Welcome to the Self-Access Centre materials database

The SAC is here to pro­vide you with op­por­tu­ni­ties to study French out­side class time. If you need ad­vice and guid­ance on what to study, you should talk to your class tu­tor, who will help you iden­tify your strengths and weak­nesses and make rec­om­men­da­tions on what to study.

A bit about the language

French (français) is a Ro­mance lan­guage glob­ally spo­ken as a mother tongue by about 110 mil­lion peo­ple. Around 190 mil­lion peo­ple speak French as a sec­ond lan­guage, and an ad­di­tional 200 mil­lion speak it as an ac­quired for­eign lan­guage. French speak­ing com­mu­ni­ties are pre­sent in 57 coun­tries and ter­ri­to­ries. Most na­tive speak­ers of the lan­guage live in France. The rest live es­sen­tially in Canada (par­tic­u­larly Que­bec, but with speak­ers and di­alects across Canada, es­pe­cially in On­tario and New Brunswick), Bel­gium, (par­tic­u­larly Wal­lo­nia and Brus­sels), Switzer­land (Geneva, Vaud, Neuchâ­tel, Jura and also Fri­bourg, Valais, Bern), French-speak­ing Africa (31 coun­tries, in­clud­ing Cameroon, Gabon, Côte d'Ivoire), Lux­em­bourg, Monaco, and cer­tain parts of the U.S. states of Louisiana, Maine, New Hamp­shire and Ver­mont. Most sec­ond-lan­guage speak­ers of French live in Fran­coph­one Africa, ar­guably ex­ceed­ing the num­ber of na­tive speak­ers. The De­mo­c­ra­tic Re­pub­lic of the Congo is the Fran­coph­one coun­try with the largest pop­u­la­tion.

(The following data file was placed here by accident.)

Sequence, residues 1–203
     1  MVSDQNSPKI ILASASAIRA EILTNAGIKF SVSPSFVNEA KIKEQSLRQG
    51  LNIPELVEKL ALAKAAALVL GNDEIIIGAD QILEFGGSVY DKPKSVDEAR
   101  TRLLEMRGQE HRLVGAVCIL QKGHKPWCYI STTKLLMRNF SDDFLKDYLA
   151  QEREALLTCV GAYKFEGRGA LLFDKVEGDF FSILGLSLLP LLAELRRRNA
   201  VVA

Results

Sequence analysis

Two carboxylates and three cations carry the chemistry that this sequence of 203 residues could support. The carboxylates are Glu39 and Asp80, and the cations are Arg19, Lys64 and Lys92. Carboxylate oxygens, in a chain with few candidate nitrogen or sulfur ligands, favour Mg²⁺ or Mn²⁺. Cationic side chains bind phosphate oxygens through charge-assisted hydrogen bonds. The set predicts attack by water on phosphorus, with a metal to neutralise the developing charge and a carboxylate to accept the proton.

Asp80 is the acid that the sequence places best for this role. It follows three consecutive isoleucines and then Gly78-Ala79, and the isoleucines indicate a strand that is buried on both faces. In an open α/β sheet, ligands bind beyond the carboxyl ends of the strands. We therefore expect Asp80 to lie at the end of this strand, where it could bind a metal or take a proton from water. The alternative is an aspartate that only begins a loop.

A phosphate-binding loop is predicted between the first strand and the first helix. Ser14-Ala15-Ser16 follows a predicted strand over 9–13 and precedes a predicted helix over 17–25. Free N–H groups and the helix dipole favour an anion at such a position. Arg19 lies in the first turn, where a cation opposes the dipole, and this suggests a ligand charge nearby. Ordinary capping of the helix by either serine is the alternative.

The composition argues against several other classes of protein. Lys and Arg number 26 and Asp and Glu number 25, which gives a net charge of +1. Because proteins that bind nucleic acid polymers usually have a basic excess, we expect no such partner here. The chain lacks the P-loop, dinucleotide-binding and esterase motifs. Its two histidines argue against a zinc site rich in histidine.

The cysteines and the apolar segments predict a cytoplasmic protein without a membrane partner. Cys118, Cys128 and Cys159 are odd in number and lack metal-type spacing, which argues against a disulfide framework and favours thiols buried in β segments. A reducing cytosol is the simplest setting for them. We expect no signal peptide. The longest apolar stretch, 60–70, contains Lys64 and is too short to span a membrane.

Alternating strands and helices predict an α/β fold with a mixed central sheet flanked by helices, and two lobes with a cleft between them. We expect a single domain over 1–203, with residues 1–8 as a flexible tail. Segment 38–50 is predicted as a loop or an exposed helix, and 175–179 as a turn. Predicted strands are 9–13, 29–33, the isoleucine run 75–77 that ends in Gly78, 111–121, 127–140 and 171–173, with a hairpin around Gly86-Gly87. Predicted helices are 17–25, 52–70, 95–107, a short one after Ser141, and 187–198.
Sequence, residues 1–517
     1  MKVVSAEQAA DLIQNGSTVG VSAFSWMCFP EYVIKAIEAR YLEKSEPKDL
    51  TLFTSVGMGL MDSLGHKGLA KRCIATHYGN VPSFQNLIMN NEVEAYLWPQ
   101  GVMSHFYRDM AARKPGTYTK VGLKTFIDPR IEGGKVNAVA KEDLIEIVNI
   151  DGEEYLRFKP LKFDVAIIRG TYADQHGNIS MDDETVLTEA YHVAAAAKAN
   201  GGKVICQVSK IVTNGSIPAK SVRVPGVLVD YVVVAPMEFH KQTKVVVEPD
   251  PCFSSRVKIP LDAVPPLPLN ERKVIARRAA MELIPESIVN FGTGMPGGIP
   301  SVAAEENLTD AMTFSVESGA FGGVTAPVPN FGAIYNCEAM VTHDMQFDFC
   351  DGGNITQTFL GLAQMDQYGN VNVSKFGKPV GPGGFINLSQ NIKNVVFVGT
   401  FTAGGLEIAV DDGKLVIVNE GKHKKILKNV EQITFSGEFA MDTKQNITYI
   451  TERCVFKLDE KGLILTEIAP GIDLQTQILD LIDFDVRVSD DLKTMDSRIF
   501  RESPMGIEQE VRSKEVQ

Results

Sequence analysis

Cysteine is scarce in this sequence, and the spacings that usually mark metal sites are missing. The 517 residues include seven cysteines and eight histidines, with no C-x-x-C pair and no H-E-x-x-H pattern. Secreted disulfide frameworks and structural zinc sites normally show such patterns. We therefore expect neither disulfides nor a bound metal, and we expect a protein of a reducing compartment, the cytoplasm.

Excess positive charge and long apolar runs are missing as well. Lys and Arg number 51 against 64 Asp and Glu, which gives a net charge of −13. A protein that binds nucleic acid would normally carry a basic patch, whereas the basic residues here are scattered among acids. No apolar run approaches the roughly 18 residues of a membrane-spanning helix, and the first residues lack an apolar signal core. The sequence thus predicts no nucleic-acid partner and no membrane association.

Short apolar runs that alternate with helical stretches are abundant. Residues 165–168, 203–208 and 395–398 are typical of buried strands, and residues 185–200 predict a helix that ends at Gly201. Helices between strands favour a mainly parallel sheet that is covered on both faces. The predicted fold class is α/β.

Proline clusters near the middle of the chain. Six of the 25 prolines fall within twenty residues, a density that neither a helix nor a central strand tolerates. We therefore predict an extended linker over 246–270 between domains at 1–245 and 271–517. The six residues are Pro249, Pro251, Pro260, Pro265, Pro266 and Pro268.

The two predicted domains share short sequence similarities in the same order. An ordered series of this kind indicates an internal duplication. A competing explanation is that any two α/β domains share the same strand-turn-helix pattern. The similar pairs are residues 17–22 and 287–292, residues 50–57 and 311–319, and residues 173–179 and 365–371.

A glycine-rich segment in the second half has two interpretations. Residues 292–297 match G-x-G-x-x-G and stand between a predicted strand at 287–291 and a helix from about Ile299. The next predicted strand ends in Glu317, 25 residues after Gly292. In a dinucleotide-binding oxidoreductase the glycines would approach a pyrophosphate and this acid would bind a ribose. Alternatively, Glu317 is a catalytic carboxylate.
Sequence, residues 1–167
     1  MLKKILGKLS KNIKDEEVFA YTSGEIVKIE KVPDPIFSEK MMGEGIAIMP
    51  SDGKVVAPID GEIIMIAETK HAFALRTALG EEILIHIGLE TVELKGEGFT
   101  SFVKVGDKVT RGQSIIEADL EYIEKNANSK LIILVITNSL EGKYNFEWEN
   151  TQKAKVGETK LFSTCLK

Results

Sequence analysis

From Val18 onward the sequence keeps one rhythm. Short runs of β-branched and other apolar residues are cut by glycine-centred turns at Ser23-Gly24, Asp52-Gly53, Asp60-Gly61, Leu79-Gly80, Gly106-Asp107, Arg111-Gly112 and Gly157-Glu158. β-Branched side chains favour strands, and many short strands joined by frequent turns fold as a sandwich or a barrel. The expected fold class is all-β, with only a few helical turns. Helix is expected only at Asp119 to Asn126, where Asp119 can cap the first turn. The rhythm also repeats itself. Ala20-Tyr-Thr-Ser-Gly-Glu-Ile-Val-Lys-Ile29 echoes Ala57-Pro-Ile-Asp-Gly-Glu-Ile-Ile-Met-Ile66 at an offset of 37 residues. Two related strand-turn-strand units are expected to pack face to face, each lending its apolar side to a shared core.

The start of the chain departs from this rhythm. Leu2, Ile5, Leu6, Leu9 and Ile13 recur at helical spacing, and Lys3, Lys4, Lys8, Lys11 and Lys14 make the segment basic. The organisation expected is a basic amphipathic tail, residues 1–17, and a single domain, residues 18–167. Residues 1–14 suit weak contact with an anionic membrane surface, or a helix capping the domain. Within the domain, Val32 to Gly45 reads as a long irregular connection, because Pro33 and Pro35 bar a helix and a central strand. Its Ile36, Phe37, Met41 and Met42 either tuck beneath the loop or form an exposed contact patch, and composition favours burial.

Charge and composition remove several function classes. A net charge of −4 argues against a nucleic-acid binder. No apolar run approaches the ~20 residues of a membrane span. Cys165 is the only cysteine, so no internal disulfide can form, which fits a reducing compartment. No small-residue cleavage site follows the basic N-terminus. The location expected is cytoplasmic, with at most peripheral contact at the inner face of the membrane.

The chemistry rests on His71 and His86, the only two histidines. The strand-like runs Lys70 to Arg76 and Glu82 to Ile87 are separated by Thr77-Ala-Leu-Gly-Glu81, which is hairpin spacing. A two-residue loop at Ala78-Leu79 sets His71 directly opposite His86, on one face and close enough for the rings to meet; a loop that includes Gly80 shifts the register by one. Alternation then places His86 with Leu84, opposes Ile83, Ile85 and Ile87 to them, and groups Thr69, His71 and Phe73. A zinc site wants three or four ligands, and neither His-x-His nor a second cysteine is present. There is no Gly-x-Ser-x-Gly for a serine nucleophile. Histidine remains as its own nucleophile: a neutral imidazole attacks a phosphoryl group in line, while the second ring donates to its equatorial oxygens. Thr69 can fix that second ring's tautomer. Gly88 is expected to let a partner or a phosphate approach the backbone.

It is an of­fi­cial lan­guage in 28 coun­tries, most of which form what is called, in French, La Francophonie, the com­mu­nity of French-speak­ing na­tions. It is an of­fi­cial lan­guage of all United Na­tions agen­cies and a large num­ber of in­ter­na­tional or­ga­ni­za­tions. Ac­cord­ing to a sur­vey of the Eu­ro­pean Com­mis­sion, French is the fourth-most widely spo­ken mother tongue in the Eu­ro­pean Union. It is also the third-most widely un­der­stood lan­guage in the EU In ad­di­tion, prior to the mid 20th cen­tury, French served as the pre-em­i­nent lan­guage of diplo­macy among Eu­ro­pean and colo­nial pow­ers as well as a lin­gua franca among the ed­u­cated classes of Eu­rope. As a re­sult of France's ex­ten­sive colo­nial am­bi­tions be­tween the 17th and 20th cen­turies, French was in­tro­duced to Amer­ica, Africa, Poly­ne­sia, and the Caribbean.